The battle for the desktop is over, at least for the end user, and there is no winner. For programmers the story is a bit different but that’s not our current focus. For the average user, like me, the desktop OS is rapidly fading into insignificance. Instead, the desktop is becoming a portal to provide access to our “stuff” and the rest doesn’t really matter. It’s a bit more complicated but that’s the fundamental trend.
Perhaps I’m dating myself but I was a huge fan of IBM’s OS/2. It was robust, multi-tasked well and had a User Interface (UI) that was easily programmed through a command line interface (REXX). I find it interesting to note that, as the wheel of time rolled forward, Microsoft added many of those features to Windows, such as PowerShell. At the time these were the important features of a desktop OS.
With the demise of OS/2 my focus shifted to Linux. It offered many of the features and capabilities of OS/2 in a different package. Linux is robust, flexible and open. However, while there are many choices, Linux on the desktop has not become a driving force.
Apple, with it’s many, loyal followers is an excellent desktop. Like Linux, Apple OS X and iOS are UNIX variants and Apple has enforced a well-developed and consistent UI. Apple represents the largest challenge to Microsoft on the desktop.
In today’s world the required “features” of a desktop OS have changed and the desktop is being reduced in significance by the lowly smart phone. I feel it is smart phones that have ended the desktop battles and it’s not because smart phones (Android, Apple or other) are robust UNIX variants, or because of a superior UI, it’s for a different reason… mobility.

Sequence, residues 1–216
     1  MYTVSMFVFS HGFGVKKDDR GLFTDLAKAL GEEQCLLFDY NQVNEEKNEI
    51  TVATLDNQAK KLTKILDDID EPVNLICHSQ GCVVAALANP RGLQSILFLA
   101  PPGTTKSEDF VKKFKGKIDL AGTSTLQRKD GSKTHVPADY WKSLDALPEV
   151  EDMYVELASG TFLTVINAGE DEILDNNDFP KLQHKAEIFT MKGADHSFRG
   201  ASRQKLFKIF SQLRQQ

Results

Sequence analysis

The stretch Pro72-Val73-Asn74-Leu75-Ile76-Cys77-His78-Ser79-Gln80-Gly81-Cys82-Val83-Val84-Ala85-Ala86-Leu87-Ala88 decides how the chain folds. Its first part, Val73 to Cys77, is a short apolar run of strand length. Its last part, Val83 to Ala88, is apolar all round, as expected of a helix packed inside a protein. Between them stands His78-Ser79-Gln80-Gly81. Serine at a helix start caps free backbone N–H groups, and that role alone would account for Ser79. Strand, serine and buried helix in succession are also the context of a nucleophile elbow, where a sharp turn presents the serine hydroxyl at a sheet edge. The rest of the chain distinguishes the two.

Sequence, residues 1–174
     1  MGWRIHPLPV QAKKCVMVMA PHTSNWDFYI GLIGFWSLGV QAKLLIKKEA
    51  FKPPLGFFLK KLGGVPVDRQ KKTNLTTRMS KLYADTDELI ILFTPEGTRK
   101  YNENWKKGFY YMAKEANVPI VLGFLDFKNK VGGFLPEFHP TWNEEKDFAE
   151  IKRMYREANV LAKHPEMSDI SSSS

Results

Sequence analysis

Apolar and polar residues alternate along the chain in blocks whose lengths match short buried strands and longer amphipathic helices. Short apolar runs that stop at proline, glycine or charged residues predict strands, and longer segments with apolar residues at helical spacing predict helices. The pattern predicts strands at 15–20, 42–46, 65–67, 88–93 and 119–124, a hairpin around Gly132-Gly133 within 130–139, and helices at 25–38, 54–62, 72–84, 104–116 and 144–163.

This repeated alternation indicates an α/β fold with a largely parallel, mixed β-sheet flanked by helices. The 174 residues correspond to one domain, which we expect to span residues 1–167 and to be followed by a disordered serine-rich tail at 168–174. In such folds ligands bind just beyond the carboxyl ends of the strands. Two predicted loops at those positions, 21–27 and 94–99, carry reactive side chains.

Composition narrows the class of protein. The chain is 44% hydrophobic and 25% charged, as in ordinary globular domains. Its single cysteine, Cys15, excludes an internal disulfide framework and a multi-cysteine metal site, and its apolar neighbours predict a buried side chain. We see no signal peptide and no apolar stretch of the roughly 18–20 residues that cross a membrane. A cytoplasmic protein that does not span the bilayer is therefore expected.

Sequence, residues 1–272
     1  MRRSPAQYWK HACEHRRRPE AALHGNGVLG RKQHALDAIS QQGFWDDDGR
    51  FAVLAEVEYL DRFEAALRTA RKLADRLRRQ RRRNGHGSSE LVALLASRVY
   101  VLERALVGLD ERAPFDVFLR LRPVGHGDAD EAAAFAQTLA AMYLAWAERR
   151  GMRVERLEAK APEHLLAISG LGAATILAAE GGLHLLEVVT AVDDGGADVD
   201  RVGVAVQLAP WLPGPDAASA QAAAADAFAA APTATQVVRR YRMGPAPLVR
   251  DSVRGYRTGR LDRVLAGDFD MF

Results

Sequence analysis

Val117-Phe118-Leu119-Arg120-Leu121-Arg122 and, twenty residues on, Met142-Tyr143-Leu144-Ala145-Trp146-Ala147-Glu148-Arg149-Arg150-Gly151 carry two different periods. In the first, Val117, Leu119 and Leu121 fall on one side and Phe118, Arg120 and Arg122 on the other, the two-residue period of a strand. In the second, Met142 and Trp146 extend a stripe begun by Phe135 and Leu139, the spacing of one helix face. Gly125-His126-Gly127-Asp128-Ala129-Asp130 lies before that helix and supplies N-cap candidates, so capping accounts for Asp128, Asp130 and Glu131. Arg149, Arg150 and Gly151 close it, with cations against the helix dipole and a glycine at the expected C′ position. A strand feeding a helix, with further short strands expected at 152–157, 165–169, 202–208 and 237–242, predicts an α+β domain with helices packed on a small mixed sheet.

Mobility killed the desktop with its need for data anywhere and synchronization. Your desktop calendar doesn’t do much good if you can’t see it from your phone. Likewise, your contacts, pictures and crucial documents are much less useful if confined to your desk and thus to your desktop. Mobility has driven data portability and access which has driven the Cloud.
The end result is that the desktop has diminished as a platform and increased as a portal. It used to be that your desktop was your compute platform. Now it’s an integrated entity with connections to the cloud and user accounts to ensure portability of your data. It’s the focus on mobility that has ended the desktop battles simply because it no longer matters; the desktop is just part of a larger picture.
To be fair, there’s still a bit of a tug-of-war going on. Microsoft learned the hard way, a few years back, that massive UI “mobility” and/or “touch screen” redesigns don’t go over well with end users. Too much change. Microsoft tried to push the OS to be far more “phone like” and got tremendous push back. To me, that’s when the desktop battle ended because the focus had shifted. Instead of the standalone desktop focus there was a shift to a connected, mobility environment.
So now you grab your Android phone, your tablet, your iPhone or iPad, your ThinkPad or Microsoft Surface. It doesn’t matter. While there is not yet convergence, and there might never be, there are far more similarities than differences. Input-output (keyboard vs touch) and display size (phone sized all the way up to multiple displays) dictate differences in what the OS must deliver but fundamentally, for the average end-user it doesn’t matter. They want access to their “stuff”, regardless of where they are and they would like it in as consistent manner as possible and the desktop OS is no longer a factor.